If we are in a conference room and the attacker is not, we are, for the moment, safe. There is no threat in the conference room. However, if we blindly dash into the corridor we may well run into a hostile holding a gun. It would be preferable to barricade ourselves in the conference room, and maybe to strategically position ourselves next to the door with a weapon of any sort, be it a chair or television, that will enable us to disable any hostile person attempting to enter.

If you are in a store and there is screaming or gunshots somewhere in the mall, stay put. Get the shop assistant to lock the door, get on the floor and stay as far away as possible from the glass store front. If you can disappear from sight into a closet, even better. But do not run blindly into the mall; you may be headed straight toward the danger.

If, however, you are in the direct vicinity of the gunfire or gunmen, then by all means run! Just be sure you’re headed for less danger, not more.

Hide as if your life depended on it. It does!

Hiding is most definitely a great option to avoid harm. Here too, however, we could all benefit from a little more information.

In the case of hostile attackers, hiding means disappearing from sight. Hiding under a table or behind a chair is not adequate. One unbelievable act of bravery we witnessed in the recent Paris attacks was a pregnant woman who hung from a window ledge: This is the embodiment of hiding. She showed ingenuity and bravery, and quite simply removed herself as a target.

As any martial artist will tell you, the best block is not to be there. If I am not seen, I cannot be specifically targeted.

Climb into a cupboard or slip into a walk-in fridge. Better still, lock yourself inside your hotel room or any room. Do not simply huddle in a corner and hope you will be left alone. Very unfortunately, experience has shown us that this is rarely a winning strategy.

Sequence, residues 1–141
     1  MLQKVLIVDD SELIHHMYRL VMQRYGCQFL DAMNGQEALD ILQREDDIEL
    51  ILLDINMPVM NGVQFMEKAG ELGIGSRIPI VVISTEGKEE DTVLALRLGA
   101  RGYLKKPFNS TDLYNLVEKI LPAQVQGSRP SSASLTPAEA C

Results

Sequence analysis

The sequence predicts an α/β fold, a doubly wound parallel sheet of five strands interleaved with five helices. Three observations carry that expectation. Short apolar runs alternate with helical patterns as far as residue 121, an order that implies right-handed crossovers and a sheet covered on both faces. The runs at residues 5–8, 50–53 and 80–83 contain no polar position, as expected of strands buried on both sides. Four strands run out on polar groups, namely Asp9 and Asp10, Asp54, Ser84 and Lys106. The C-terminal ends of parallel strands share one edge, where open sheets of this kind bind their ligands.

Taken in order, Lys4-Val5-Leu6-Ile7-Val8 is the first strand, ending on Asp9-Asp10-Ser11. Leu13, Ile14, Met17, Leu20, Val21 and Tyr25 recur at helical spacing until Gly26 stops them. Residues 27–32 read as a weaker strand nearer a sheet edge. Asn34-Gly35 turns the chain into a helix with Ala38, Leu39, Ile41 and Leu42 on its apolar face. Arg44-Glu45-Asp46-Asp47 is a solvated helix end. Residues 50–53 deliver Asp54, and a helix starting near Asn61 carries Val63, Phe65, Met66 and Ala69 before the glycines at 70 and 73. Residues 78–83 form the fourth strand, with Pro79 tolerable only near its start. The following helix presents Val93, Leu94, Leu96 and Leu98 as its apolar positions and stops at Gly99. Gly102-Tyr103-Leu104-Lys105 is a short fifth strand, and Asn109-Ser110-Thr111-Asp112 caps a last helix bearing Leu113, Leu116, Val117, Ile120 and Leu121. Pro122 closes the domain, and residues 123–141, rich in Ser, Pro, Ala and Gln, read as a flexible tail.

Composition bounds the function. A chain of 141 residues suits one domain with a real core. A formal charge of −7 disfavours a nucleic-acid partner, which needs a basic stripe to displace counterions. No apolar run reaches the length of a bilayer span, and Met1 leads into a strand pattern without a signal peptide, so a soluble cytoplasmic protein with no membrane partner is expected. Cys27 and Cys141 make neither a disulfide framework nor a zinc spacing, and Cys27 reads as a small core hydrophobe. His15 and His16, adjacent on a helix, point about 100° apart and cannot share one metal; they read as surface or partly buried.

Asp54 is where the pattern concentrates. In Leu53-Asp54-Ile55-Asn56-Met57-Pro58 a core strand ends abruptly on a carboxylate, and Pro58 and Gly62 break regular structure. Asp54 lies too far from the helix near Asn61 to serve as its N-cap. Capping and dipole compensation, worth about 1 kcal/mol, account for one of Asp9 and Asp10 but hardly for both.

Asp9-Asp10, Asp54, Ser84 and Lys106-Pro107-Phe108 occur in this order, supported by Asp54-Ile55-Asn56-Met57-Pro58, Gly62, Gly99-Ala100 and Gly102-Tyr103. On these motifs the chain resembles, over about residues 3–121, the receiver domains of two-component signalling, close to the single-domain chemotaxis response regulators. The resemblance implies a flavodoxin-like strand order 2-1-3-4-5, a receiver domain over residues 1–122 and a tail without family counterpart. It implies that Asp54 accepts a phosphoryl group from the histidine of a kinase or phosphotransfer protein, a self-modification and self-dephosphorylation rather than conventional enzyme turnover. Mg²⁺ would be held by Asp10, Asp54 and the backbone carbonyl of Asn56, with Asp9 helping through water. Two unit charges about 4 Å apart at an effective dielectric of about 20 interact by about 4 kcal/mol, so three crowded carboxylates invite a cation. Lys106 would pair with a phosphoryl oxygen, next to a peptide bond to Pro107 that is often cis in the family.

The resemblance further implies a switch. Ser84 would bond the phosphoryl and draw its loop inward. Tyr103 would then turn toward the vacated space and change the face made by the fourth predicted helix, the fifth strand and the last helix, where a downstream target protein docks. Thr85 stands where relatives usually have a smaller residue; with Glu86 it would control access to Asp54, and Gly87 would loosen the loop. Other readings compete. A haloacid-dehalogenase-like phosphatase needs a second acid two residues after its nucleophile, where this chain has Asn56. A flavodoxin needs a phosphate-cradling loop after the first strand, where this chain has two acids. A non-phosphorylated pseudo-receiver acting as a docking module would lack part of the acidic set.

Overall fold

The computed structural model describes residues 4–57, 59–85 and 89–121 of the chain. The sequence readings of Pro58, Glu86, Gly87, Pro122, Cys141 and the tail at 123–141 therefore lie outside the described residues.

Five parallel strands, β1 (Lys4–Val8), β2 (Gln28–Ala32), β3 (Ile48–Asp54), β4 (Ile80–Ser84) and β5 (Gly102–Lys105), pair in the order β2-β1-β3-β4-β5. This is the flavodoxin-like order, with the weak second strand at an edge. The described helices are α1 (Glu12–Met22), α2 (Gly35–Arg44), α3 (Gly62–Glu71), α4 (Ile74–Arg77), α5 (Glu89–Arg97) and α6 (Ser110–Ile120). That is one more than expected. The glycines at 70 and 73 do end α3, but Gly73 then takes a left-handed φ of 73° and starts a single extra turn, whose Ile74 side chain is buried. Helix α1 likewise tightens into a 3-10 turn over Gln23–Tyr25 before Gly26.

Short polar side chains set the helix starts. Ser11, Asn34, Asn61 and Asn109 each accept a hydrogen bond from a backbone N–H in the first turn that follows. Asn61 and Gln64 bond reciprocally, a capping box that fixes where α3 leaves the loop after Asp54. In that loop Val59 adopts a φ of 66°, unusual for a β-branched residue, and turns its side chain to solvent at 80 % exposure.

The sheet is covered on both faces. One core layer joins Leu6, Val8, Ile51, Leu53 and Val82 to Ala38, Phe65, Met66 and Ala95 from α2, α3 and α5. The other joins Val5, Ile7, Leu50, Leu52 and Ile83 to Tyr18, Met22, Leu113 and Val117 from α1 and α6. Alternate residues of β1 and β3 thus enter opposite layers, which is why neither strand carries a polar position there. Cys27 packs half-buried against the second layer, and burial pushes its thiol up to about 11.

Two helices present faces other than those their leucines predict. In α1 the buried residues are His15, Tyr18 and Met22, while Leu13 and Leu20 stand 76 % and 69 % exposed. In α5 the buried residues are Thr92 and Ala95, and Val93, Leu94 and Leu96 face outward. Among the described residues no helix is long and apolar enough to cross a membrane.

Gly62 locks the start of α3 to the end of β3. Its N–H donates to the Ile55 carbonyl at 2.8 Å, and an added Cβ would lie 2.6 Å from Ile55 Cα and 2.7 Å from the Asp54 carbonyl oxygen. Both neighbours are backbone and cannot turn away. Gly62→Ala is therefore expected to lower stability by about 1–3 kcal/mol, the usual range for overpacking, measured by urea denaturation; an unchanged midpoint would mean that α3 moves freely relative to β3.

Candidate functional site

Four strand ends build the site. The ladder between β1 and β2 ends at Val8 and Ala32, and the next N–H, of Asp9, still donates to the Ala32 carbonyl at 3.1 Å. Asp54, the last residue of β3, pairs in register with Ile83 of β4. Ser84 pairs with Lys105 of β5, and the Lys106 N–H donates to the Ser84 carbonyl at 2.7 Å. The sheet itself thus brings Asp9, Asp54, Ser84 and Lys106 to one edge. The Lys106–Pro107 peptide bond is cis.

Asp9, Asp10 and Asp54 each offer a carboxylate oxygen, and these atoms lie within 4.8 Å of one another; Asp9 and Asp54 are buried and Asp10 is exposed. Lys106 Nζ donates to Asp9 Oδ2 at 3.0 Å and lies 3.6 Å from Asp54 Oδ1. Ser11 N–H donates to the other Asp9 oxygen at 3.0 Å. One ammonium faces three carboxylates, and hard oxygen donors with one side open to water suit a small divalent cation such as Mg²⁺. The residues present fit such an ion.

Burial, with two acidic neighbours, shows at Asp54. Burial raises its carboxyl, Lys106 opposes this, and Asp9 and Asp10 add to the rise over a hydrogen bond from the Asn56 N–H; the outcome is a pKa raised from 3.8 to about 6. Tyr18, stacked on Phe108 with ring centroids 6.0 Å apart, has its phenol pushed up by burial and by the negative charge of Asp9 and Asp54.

It is important to understand the difference between cover and concealment. Concealment is something like a plywood shop counter that hides you but does not stop bullets. Cover is something that can stop bullets, like a wall. Hiding under a table provides neither cover nor concealment and is a bad idea. A walk-in fridge, on the other hand, can provide both cover and concealment.

If you must make a quick choice, choose concealment over cover. If you are well concealed the gunman cannot see you and therefore cannot target you. Should a gunman come around the corner where you are hiding, then you no longer have concealment or cover.

On the other hand, if the gunman has already seen you and you are fleeing, then you want to put the cover of a bullet-proof barrier between you and his bullets.

Communicate calmly – and tactically

Emergency communication flows in two directions. One is from those inside the besieged facility to people on the outside. The other is from security personnel on the outside to those trapped within.